Queensland, The Sometimes Sunshine State

I got through a whole post on Friday without mentioning the rain. Didn’t think I’d be able to, but I did. But with an opening like this, you’d be forgiven for thinking I am about to whinge like a whingeing Pom about the rain again.

Well, not quite.

I am pleased to report that normal service has been resumed here in Australia and today we have hot and sunny with clear blue skies again. And by hot, I mean 26°C. The whole weekend was rain free and sunny too.

But it did rain on Friday, much to my annoyance. Why? Regular readers will know that I am a keen gardener and I always like to mow the lawn before it gets knee-high. Well on Friday it was knee-high and it hadn’t rained for a few hours so I put my boots on and was about to drag the lawnmower out of the garden shed when…..

Yes, you guessed it, it rained again! But here’s what I found amazing. For the first 16 days of this month we have only had four days when it didn’t rain. And between the other 12 days, we’ve had over 240 mm of rain. In old money that’s about 8 feet! It is already more rain than we have had in Brisbane during October for more than 60 years and we’re only about halfway through the month.

But it didn’t rain on Saturday and so the lawnmower did get out of the garden shed and I mowed the lawn. If this had been England it would have been a mud bath. My lawnmower would have churned up the grass something rotten. But on Saturday my lawn was completely dry!

grass

My lawn after mowing.

Admit it; it could be Wimbledon couldn’t it? Such a perfect lawn after so much rain, and so dry so quickly, frankly I was shocked. Yes, when the sun comes out, it does get hot and stuff dries up reallly fast. I think the gale force winds we got Friday night helped too.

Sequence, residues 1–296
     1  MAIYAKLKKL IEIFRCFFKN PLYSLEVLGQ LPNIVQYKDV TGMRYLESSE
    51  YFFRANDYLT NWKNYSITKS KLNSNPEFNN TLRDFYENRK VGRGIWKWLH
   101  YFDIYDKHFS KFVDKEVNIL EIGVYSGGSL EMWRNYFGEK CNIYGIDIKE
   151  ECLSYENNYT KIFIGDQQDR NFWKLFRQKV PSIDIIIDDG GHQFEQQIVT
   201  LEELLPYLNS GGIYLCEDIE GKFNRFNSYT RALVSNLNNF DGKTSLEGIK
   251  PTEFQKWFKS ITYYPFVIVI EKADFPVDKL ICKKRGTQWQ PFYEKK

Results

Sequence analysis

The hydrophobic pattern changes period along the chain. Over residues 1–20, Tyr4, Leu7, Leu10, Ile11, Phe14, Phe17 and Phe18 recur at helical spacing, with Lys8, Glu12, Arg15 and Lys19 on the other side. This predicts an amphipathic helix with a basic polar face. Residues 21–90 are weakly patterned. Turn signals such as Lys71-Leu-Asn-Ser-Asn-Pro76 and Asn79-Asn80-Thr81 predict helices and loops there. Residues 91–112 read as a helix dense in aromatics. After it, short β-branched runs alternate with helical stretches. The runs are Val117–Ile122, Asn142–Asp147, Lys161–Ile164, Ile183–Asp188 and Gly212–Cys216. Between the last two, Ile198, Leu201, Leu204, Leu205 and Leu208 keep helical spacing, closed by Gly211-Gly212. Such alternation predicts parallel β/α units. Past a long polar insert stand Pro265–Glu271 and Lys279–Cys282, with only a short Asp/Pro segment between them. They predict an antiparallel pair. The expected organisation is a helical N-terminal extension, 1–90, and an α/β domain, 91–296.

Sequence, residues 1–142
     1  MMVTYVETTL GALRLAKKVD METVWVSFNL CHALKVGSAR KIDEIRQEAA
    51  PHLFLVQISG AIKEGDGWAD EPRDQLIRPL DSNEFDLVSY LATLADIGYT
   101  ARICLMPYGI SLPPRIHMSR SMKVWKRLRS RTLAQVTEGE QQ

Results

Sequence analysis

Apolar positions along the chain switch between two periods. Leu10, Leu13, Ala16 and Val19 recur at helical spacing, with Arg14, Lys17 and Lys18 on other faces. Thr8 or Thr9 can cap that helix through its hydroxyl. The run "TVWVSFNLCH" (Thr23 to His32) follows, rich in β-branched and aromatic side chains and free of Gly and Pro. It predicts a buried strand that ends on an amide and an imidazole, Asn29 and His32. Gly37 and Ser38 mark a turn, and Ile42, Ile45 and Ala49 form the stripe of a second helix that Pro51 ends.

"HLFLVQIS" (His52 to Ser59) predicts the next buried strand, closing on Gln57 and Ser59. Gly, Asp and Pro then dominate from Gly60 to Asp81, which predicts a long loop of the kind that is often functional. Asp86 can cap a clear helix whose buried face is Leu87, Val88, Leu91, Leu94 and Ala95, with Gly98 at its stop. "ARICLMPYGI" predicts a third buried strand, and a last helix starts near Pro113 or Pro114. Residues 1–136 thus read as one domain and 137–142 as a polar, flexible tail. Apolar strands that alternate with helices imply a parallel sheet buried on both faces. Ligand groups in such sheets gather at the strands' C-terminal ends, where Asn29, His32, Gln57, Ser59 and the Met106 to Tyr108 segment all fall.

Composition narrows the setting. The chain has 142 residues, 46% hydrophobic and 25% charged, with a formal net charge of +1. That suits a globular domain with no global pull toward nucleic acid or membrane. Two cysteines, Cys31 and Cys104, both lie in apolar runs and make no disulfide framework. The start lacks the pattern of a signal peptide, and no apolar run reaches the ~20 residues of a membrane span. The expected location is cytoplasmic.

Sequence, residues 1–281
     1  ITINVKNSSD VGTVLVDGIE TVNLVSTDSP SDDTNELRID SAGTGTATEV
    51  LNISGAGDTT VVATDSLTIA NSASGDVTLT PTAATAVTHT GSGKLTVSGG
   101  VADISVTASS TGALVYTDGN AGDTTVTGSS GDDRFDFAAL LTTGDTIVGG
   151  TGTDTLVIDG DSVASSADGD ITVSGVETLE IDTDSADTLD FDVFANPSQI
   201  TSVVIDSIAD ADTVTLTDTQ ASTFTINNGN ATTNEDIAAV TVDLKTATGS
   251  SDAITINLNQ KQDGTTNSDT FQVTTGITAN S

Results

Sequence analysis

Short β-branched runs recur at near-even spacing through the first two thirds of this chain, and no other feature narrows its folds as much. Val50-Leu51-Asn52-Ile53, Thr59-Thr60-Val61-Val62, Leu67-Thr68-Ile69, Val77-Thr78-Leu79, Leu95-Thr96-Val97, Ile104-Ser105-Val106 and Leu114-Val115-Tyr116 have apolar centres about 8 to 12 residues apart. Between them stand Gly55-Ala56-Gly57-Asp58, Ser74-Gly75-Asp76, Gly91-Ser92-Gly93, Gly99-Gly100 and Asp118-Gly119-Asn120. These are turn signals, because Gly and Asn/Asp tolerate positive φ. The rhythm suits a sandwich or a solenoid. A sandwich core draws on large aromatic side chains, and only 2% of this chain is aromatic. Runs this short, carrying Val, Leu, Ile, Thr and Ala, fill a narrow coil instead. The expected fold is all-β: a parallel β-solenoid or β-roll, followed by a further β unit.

But what did we do at the weekend?

Here in South East Queensland at the moment, the fastest growing spectator sport is dam watching. People have been flooding (sorry!) to dams all around the state just to see how full they are. And, as I showed you in the third video in my blog post last week about Queensland’s water shortage, to watch megatons of it being released back into the surrounding rivers.

Not wanting to miss out, we decided to visit Lake Manchester, a dam no further than around 20 km from where we live. We didn’t make it, the road was closed. We got out of our car and walked down the hill to try and find out why…..

bridge over the Brisbane RiverUsually, that bridge across the river is about 20 feet above the waterline. Not today it wasn’t!

Flooded Bridge over Brisbane River

Ideal for paddling, as long as you stay close, but not good for driving across. It looks like I’ll be talking about rain quite a bit in the future if what the experts are saying turns out to be true. I mentioned last week that we are certainly in a major La Niña event right now, which indicates very wet weather to come.

Here are 4 quotes from an article I read over the weekend, source couriermail.com.au:

  • Mr Davidson will warn that the emergence of a rare La Nina weather pattern has created an “increased risk” of severe cyclonic activity between December and March.
  • Another leading weather expert warned that a southeast cyclone could trigger the biggest flood to hit Brisbane in 120 years.
  • Never mind 1974 … a repeat of the 1893 floods, that’s what I would be concerned about” Mr Callaghan said. The highest of three flood peaks in Brisbane City in 1893 was 8.35m on February 5, 2.9m higher than in 1974. Mr Callaghan said it was inevitable a flood as big as 1893 would happen again.
  • Since about 2005 we have begun to see more large rainfall and cyclone events, so the question is whether we are entering a 30 or even 100-year wet cycle.

A 100-year wet cycle!!!! Oh great!

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